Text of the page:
Los Angeles — In 1897, two New York policemen disrupted a public ceremony marking the Blessing of the Sun and dragged a rabbi down to court for failing to have a permit. More than a century later, on the opposite coast, government officials are not only giving a similar ceremony their blessing — they are also putting money behind a new environmental program in its honor.
To mark the event, which occurs only once every 28 years, the Board of Rabbis of Southern California is partnering with the agency responsible for improving the region’s air quality to install solar-powered Eternal Lights — the lamps that hang above synagogue arks — in synagogues throughout the region. The South Coast Air Quality Management District is even funding the “Harnessing the Blessing of the Sun” project, to the tune of $10,000.
It is said that every 28 years, the sun returns to the position it occupied when the world was created. According to the Genesis story, God created the sun on the fourth day of the week, a Wednesday. There are 365 and a quarter days in a solar year, so it takes 28 years for the sun to end up back at its starting point.
“To the best of my knowledge, this is the only partnership of its kind in the country, where you have a partnership between a board of rabbis and a governmental agency,” said Mark Diamond, executive vice president of the Board of Rabbis of Southern California.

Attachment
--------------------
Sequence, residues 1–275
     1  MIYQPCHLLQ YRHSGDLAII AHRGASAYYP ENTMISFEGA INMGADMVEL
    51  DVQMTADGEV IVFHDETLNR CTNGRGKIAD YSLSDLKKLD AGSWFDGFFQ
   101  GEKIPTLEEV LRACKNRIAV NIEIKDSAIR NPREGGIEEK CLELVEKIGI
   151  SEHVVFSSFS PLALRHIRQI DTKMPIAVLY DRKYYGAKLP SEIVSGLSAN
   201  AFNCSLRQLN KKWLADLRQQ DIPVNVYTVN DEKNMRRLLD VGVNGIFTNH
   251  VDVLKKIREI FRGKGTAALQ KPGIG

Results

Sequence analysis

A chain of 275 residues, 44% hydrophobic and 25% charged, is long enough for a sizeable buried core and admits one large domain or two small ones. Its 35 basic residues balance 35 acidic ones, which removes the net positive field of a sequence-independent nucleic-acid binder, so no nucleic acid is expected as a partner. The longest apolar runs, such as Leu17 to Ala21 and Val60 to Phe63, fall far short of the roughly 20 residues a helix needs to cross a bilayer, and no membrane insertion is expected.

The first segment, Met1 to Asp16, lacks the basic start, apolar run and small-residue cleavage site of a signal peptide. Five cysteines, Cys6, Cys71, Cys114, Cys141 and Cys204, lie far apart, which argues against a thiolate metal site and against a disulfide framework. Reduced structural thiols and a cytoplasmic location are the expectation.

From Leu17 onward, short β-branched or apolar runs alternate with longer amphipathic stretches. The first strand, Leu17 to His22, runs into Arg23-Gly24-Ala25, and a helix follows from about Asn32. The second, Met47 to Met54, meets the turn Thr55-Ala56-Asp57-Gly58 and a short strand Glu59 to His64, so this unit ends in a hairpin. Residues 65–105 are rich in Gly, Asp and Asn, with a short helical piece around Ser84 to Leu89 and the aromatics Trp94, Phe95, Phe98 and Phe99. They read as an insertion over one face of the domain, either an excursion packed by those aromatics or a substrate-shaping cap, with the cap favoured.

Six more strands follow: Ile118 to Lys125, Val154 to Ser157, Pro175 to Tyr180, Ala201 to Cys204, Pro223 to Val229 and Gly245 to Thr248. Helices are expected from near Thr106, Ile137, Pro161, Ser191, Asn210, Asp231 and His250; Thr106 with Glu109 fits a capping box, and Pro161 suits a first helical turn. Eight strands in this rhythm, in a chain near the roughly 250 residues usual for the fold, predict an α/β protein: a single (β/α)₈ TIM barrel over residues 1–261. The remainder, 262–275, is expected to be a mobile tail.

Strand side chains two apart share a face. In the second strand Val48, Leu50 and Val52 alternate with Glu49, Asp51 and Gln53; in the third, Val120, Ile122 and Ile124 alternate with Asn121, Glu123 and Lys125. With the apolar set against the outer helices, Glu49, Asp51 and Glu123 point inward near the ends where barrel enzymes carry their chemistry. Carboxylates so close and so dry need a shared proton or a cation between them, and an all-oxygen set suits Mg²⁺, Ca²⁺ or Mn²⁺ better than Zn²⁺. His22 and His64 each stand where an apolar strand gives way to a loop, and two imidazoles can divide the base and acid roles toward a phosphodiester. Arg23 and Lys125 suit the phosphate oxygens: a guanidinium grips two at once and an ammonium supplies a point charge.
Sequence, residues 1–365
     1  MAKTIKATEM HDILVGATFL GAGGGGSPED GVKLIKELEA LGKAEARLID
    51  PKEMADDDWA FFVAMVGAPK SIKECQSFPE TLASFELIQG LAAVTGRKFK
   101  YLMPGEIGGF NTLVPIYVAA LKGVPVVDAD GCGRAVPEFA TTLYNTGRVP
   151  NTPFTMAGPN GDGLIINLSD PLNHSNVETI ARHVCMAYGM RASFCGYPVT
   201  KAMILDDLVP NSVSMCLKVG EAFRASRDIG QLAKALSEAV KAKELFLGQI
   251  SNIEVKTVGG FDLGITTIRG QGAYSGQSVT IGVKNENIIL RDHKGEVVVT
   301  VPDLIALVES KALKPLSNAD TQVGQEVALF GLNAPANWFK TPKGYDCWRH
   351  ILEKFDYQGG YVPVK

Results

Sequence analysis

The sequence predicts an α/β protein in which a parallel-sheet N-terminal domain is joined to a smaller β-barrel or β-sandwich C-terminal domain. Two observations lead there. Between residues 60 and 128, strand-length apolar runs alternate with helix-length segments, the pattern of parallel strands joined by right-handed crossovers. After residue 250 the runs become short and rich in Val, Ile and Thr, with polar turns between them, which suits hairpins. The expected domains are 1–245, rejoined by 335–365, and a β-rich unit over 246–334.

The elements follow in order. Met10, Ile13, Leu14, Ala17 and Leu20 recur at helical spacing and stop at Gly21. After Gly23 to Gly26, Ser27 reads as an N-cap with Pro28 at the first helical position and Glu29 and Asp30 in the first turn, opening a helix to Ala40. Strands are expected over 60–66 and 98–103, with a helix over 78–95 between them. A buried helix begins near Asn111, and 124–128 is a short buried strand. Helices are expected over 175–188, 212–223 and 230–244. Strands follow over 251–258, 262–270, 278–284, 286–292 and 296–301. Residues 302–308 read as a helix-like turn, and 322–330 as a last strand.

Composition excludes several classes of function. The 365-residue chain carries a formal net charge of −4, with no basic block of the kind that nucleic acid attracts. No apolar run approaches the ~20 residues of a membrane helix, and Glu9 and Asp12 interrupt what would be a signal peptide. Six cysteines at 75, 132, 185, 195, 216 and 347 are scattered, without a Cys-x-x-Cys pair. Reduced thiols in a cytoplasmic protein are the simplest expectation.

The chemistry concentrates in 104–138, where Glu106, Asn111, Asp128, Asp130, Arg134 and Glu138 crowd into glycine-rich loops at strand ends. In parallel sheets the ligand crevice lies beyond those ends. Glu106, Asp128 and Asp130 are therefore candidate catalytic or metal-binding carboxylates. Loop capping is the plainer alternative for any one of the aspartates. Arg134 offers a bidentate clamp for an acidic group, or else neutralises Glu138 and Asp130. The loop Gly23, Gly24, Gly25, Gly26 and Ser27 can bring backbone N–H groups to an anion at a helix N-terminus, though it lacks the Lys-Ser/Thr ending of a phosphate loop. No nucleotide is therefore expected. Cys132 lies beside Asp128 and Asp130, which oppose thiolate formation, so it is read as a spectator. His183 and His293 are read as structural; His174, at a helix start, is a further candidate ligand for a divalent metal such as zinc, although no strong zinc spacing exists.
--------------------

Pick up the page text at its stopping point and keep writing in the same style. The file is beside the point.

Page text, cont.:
A dozen California synagogues, including Temple Beth Tikvah in Fullerton and Pasadena Jewish Temple & Center, are participating in the new program. Temple Emanuel, a Reform congregation in Beverly Hills, flipped the switch on its solar Eternal Light at an April 7 ceremony. The lamp’s installation, which requires putting a solar panel on the synagogue’s roof, cost $1,647, about half of which was covered by the AQMD grant.
While efforts to green synagogues across the country have been under way for several years, this latest endeavor underscores the West Coast’s leading role in pushing environmentally friendly measures. The new program, which will help defray the cost of installing solar Eternal Lights, also demonstrates the role that faith-based institutions can play in promoting environmental awareness.
“The environmental movement is much more energized now by faith communities,” said Laura Geller, senior rabbi of Temple Emanuel. “It becomes not only a political issue, but a religious issue to take care of the planet.”
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